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Stay at the Fretheim hotel on the Norway ski and fjord experience to combine skiing with fjord exploration.
A historical 19th-century manor house, the Fretheim Hotel overlooks the Aurlandfjord. Every room has a view of the fjords and/or surrounding mountains. A glass section dominates the middle of the hotel with ground to rooftop windows highlighting the view of the fjord. The restaurant has some of these fine views and serves up super fresh dishes with traditional preparation methods such as smoking and curing. The vast majority of the produce is locally sourced with some fantastic meat, cheese, fruits and vegetable supplier in the local area. They say that due to the fjords and abundance of herbs in the area the livestock grows bigger and is marinated by all the herbs from the inside. You'd have to try it to believe it.
Historical rooms bring an era of elegance back to the 21st century, but even the newest rooms have a vintage style and all with great views. The Fretheim is a hotel where the staff are excellent which just makes your stay so much more pleasant. There's a café and bar for nourishment and plenty of lounge area with fireplaces and a library, there's even a bookable hot tub.
At the end of the village, the Fretheim hotel backs onto the park and overlooks the fjord with fantastic views from every room. The fjord cruise starting point is 600m and the Flam rail station half that.
Historic rooms are in the oldest part of the hotel and are in various sizes. they have antique furniture, king beds and beautiful bathrooms.
Sleeps max. 2
The tower suite extends over two floors with a queen size bed, antique furniture and a jacuzzi.
Sleeps max. 2
In the new part of the hotel, the America wing, the rooms have large balconies and face the gardens and fjord. They have twin beds and a shower in the bathroom.
Sleeps max. 2
Standard rooms are at the rear of the hotel with mountain views. They have twin beds and a bath shower combo in the bathroom. They can be used as single rooms with a queen bed.
Sleeps max. 2
One of Norway's major and most spectacular tourist attractions. Built at one of the steepest gradients in Europe the railway snakes it's way up from Flam. Up the fjord's cliffs on narrow mountain paths through a total of 20 tunnels that spiral in and out of the rock face.
The tunnels were hand dug from 1923 to 1940 when the railway officially opened, raising 867 metres from sea level 20km up to Myrdal taking roughly 40 minutes. You'll pass some spectacular views and frozen waterfalls, you could ride the train up and down all day without getting tired of the scenery.
The train terminates in Myrdal from where you can go back down to Flam or onwards to Bergen or Oslo.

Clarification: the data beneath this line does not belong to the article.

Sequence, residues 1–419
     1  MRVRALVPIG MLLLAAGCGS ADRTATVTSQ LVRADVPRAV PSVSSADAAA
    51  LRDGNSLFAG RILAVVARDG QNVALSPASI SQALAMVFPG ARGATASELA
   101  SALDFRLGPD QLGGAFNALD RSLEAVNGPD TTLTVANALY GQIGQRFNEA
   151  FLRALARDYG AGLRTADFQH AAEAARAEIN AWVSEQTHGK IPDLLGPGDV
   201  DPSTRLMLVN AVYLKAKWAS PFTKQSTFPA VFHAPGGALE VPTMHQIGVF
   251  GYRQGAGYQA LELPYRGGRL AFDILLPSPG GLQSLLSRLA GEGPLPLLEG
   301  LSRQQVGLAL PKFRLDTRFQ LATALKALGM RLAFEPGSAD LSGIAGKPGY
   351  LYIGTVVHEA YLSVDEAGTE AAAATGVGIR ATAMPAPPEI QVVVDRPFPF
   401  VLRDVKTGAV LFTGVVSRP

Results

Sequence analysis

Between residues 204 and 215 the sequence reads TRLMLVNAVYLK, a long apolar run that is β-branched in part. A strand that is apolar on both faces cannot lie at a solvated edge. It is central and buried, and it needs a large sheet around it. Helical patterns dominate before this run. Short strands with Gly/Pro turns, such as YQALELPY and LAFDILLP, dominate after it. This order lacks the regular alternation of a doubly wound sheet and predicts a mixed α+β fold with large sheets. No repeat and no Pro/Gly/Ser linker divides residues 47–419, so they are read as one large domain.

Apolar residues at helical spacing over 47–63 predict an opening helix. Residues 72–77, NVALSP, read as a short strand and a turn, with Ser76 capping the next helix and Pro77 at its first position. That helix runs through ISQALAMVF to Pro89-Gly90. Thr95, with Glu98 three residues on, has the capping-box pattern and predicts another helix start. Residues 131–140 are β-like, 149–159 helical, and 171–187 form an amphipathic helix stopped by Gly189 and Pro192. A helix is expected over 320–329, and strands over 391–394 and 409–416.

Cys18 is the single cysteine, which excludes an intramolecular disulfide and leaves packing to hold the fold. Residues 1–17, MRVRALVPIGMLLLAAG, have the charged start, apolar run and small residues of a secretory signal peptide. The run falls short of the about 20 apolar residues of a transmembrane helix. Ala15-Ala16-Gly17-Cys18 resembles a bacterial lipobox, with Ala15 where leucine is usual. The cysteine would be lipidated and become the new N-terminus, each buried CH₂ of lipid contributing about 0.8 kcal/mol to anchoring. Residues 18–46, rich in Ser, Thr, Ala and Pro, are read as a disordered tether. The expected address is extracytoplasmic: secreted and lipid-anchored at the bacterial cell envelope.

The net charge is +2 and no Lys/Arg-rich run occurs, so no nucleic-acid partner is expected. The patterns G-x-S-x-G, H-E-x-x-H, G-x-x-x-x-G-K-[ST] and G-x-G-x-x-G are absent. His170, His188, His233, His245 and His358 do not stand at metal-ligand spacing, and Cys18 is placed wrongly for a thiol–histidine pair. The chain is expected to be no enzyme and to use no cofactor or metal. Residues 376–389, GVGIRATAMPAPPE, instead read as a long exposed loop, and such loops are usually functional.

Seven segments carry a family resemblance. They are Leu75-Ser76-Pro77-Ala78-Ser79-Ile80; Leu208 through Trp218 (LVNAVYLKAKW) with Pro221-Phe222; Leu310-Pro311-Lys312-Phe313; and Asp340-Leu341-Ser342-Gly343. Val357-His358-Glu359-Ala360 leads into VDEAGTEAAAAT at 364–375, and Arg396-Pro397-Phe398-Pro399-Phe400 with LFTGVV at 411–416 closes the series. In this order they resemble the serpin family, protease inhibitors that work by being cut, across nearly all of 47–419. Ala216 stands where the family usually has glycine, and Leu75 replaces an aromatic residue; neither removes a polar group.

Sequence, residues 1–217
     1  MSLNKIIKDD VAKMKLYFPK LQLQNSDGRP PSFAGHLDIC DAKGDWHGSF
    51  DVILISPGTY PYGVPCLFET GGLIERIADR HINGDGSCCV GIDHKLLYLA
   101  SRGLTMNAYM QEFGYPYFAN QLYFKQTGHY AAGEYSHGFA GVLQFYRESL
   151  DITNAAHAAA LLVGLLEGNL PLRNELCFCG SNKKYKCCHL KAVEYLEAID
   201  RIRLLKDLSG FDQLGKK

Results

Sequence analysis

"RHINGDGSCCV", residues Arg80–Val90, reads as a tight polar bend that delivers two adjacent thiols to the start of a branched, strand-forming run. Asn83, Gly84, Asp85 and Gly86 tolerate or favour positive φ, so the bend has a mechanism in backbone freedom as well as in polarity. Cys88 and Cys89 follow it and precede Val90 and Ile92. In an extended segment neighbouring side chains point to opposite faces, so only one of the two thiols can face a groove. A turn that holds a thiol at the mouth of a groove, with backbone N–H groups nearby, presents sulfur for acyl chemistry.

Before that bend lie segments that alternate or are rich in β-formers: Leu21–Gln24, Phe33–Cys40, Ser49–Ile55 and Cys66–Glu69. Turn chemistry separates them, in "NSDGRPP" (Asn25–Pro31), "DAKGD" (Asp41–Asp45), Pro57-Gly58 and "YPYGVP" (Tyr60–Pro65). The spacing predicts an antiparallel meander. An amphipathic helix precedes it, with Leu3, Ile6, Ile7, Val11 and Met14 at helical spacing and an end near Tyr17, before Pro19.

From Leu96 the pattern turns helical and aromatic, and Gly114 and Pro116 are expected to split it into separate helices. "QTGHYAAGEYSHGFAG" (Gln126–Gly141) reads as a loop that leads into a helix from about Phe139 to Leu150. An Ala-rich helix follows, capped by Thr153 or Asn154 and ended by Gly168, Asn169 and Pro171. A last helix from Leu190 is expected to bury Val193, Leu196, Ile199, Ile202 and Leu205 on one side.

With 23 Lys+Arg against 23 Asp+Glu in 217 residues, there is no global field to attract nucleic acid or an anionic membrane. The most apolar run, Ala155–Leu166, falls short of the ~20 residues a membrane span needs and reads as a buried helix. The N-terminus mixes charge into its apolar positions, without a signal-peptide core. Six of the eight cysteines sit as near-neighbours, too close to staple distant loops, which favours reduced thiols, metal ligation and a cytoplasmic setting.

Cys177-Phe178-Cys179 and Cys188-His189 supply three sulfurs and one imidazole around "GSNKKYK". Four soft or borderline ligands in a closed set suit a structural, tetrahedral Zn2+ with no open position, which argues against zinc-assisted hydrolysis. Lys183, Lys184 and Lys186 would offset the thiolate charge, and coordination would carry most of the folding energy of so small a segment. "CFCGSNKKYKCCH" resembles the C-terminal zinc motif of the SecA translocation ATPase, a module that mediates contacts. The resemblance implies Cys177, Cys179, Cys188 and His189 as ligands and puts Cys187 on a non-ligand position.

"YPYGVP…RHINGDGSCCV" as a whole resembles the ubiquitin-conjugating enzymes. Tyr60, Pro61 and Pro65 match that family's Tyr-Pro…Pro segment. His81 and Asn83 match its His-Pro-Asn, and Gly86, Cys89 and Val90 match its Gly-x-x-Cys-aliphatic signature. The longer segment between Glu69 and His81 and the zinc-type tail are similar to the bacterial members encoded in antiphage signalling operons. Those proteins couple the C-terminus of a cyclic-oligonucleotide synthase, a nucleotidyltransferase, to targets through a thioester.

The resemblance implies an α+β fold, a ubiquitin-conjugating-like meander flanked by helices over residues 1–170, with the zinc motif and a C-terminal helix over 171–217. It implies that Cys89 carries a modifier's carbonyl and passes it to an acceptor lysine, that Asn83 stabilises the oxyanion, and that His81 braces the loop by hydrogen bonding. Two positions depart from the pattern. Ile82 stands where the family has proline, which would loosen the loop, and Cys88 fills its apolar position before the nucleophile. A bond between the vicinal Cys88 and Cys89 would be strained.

In Western Norway, Flam is in the middle of Fjord Norway, home to some of the most dramatic and best known fjords in the country. Many of the most striking fjords are in fact branches off the major inlets from the sea.
In case you were wondering, fjords were created by massive glaciation going below sea level over a period of around 2.5 million years. The glacial cycles carved the U shaped fjords out of the rock. Essentially the fjords were shaped by glaciers (or ice if you prefer). There are over 1,000 fjords in Norway.
Some of the most dramatic fjords are within reach of Flam including, Naeroyfjord, Lysefjord, Geirangerfjord, Aurlandsfjord and Sognefjord. All are linked by water so you can cruise to them by boat.
Similar to the Fjord cruises in the sense that you will be exploring the same choice of fjords, the safari experience differs in the fact that you are in a much smaller RIB (rigid inflatable boat) so can get up close and personal with what the fjord has to offer.
You'll be able to get within close range of much of the wildlife here such as seals, porpoises and eagles. And you can also opt for specific experiences such a cheese tasting or a safari dinner.
If you're particularly lucky you may even spot an Orca whale.
The Segastein viewpoint is simply unmissable, or rather you'll have massively missed out if you don't take a look. 650 metres above the fjord the viewpoint juts 30 metres out from the mountainside and from its edge, you have unparalleled panoramic views. You won't find a better view of the Fjords and surrounding landscapes.
From Flam, you can book a sightseeing tour to the Segastein viewpoint which takes care of your transport to and from the viewpoint, it's the easiest way to take in the vistas.
The Njardarheimr Viking village is in Gudvangen on the Naeroyfjord. I lot of very Norwegian sounding place names thrown in there. But pronunciation aside, the Viking village is an authentic place adopting the practices from 1,000 years ago. The people who live here really do live this lifestyle, so its more than just acting.
To give a little history Gudvangen (where the village is) was an important place for trading during the Viking age. The Fjord the village is in, Naeroyfjord is named as 'the place of the gods' dedicated to the god Njord, fittingly the god of trading and sailing.
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